And if you look at what is being taught, I think you’ll see very little of how to value a business.
And the rest of it is playing around, maybe, with numbers or, you know, Greek symbols or something of the sort. But it doesn’t do you any good. I mean, in the end, you have to decide, you know, whether you’re going to value a business at $400 million or $600 million or $800 million.
And then you compare that with the price. And that’s what investing is. And I don’t know any other kind of investing, you know, basically to do.
And there — that just isn’t taught. And the reason it isn’t taught is because there aren’t teachers around, you know, who know how to teach it.
I mean, they don’t know themselves. And since they don’t know themselves, they teach something that says, “Nobody knows anything,” which is the efficiency market theory. (Laughter)
And if I didn’t know how to do it — and if I ever teach physics, I’m going to come up with a theory that nobody knows anything, because it’s the only way I can get through the day, you know? But — (Laughter)
It’s fascinating to me how, you know, the really great universities operate in this respect.
If you get a sacred writ, I mean, you get in the finance department because you sign on, you know, to whatever the present group thinks. And if they think the world is flat, you’d better think the world is flat too, you know? And your students better answer that the world’s flat when they get it on exams.
I would say investment — finance — teaching in this country, in general, is kind of pathetic.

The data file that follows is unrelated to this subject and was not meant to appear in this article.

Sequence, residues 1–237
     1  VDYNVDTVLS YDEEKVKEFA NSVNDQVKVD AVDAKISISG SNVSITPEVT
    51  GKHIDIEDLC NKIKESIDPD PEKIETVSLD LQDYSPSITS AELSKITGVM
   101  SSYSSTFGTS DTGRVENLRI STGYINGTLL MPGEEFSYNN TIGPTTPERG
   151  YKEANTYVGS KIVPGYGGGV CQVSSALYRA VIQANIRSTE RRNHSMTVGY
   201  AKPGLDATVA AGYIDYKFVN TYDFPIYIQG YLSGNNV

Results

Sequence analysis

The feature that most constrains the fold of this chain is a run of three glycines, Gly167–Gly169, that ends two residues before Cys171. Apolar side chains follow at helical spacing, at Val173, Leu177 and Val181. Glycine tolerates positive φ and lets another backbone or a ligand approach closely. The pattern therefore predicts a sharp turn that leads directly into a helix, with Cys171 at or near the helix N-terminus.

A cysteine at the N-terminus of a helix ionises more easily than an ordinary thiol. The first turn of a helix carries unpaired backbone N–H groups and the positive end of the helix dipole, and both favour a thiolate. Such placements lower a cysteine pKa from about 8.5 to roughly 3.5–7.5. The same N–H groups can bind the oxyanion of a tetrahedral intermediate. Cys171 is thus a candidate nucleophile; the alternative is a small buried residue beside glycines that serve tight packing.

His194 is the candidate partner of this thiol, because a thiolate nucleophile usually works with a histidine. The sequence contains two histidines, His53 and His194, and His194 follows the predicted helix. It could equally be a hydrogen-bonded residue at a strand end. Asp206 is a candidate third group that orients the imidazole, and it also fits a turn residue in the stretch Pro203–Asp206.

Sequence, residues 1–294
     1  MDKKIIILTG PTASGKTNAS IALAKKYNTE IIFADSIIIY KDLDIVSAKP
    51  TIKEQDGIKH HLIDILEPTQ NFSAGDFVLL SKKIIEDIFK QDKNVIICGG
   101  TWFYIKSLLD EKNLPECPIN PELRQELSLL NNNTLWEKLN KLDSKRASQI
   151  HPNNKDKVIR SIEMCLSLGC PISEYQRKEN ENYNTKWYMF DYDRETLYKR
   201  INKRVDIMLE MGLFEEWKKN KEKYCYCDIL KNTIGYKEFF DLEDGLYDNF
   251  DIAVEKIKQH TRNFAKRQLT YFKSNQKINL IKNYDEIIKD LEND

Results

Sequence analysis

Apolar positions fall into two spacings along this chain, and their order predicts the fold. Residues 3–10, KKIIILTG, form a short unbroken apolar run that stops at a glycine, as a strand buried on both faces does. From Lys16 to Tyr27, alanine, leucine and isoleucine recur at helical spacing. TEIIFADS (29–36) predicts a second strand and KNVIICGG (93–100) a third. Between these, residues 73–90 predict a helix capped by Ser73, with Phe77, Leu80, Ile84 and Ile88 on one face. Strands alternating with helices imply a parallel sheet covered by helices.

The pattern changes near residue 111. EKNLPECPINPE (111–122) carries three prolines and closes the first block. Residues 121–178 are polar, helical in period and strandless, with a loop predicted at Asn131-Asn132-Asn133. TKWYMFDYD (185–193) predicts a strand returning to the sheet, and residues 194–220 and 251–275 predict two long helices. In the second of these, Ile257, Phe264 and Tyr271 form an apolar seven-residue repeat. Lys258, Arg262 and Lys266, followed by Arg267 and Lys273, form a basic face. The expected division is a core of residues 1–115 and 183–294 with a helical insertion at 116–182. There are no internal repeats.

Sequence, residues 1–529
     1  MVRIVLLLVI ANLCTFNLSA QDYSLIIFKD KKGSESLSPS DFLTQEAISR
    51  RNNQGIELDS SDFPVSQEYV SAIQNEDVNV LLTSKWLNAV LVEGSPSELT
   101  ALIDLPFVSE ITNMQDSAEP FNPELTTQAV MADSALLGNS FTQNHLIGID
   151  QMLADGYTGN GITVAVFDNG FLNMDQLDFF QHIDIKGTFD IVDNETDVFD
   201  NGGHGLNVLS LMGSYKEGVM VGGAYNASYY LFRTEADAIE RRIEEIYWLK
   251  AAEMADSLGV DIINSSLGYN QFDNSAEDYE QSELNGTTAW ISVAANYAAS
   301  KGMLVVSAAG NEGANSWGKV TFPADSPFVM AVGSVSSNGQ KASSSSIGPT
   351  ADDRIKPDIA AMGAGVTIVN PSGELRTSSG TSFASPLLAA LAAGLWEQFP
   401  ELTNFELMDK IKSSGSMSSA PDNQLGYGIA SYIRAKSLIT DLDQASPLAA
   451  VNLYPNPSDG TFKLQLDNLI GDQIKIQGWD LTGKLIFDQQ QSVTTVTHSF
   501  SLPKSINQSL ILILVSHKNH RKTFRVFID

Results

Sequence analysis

CHARLIE MUNGER 04:43
Well, I think the business schools do a pretty good job when it comes to accounting —
WARREN BUFFETT 04:48
Oh, accounting, sure, sure.
CHARLIE MUNGER 04:49
— or personnel management, or — there’re a whole lot of subjects I think they do quite well with. But they miss one enormous opportunity.
If you learn to think intelligently about how to invest successfully in businesses, you’ll become a much better business manager than you will if you aren’t good at understanding what’s required for successful investment.
So they’re missing a huge opportunity to improve the management profession by doing such a lousy job in teaching investment.
WARREN BUFFETT 05:29
Yeah, see, Charlie and I see CEOs all the time who, in a sense, don’t know how to think about the value of businesses they’re acquiring. And then, you know, so they go out and hire investment bankers.
And guess what? The investment banker tells them what to do, tells them to do it because they get 20X if they do it and X if they don’t do it. And guess how the advice comes out.
So it’s a — when a manager of a business feels helpless, which he won’t say out loud, but inwardly feels helpless in the question of asset allocation, you know, you’ve got a real problem.
And there aren’t — they have not gone to business schools that have given them any real help, I think, in terms of learning how to think about valuation in businesses. And, you know, that’s one of the reasons that we write and talk about it some, because there’s a gap there.
OK. Number 1.